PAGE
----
IG Leonardo DiCaprio

@leonardodicaprio
Actor and Environmentalist Follow @EarthAlliance to get involved
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  • From the @worldeconomicforum: 3 ways climate change and human exploitation is changing the Middle East’s environment with regular daytime temperatures of 122°f (50°c) #climatechange #environment #weather #middleeast #asia
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  • When it comes to conserving the world’s oceans, we have work to do, a new study co-authored by @TheWCS in the journal One Earth says. 🌊🐢 According to the study, a full one-third of all marine species have less than 10% of their range protected. In addition, conserving a portion of habitat for all marine species would require an additional 3.2 million sq. miles of new conservation areas or an area about the size of Brazil. “The international community needs to rapidly increase the scale of marine conservation efforts if we are to maintain the health of our oceans,” said lead author Dr. Kendall Jones of WCS’s Conservation Solutions Program.

    Read the full study via the link in @thewcs bio.
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  • @presidenciaperu @martinvizcarraperu, creating the Nazca Ridge Marine Protected Area will be your powerful legacy and secure the future of the Peru’s ocean abundance for generations to come.
    Right now, less than 0.5% of Peru’s maritime territory is under legal protection, far from the 10% goal to which the government committed to achieve by this year. More than 1,000 species can be found in the Nazca Ridge, including blue whales, humpback whales, orcas, marine turtles, sharks and tuna. It is also home to deep-sea species such as cold-water corals and cod. By protecting this area, we can help maintain its abundance for generations to come and in turn, ensure neighboring fisheries thrive.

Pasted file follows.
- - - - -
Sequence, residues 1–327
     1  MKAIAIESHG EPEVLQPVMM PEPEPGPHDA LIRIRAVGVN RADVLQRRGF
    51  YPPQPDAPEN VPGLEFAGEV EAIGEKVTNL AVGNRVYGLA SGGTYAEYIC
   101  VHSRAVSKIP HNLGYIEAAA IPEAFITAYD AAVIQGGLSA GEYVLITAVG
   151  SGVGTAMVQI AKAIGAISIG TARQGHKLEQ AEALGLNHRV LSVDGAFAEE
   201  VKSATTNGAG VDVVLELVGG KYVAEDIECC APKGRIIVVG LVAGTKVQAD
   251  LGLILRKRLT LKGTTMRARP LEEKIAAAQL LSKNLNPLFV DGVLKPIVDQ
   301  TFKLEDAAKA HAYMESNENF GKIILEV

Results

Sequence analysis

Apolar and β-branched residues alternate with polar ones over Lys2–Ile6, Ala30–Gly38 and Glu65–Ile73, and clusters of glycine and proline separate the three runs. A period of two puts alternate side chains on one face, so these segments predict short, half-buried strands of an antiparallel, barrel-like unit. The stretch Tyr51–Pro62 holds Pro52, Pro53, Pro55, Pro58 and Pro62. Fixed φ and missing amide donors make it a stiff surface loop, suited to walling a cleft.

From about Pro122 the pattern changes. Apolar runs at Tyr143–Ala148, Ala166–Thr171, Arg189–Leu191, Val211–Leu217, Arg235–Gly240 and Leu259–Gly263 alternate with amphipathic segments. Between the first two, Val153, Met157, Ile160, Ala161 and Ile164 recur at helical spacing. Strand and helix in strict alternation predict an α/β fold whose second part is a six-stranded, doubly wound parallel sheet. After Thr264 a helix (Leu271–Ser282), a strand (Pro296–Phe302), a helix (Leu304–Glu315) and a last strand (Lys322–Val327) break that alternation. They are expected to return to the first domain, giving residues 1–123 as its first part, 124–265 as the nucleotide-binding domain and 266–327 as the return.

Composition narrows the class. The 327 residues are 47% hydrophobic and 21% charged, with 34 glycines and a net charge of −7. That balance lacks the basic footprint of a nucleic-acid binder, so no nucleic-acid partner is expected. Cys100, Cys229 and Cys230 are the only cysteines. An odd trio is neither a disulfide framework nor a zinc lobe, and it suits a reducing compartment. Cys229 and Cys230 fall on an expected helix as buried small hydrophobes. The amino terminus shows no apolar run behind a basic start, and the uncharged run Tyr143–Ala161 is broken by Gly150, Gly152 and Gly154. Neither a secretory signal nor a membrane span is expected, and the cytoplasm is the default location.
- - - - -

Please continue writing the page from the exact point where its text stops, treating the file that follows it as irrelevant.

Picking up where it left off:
Join @Oceana @oceana_peru in urging Peru’s President Vizcarra to create the Nazca Ridge Marine Protected Area and have his action celebrated at the UN Ocean Conference in June. Visit OCEANA.ORG/NazcaNow. #NazcaNow #NascaYa #30x30
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  • There are less than 500 Hirola in the world and those that are left are understandably skittish. Hirola are among the most elusive and least known antelopes in the world, which makes this photo by @global_wildlife_conservation’s @robindmoore especially rare.

    Their loss would represent the first extinction of a mammalian genus on mainland Africa in modern human history. @tsavotrust is among those groups making sure that this doesn’t happen on our watch by protecting and restoring the Hirola throughout its range in Kenya, including Tsavo East National Park, where this image was recently taken. #ExtinctionEndsHere #WildlifePhotography #ConservationOptimism #WildlifeConservation #EndExtinction #stopextinction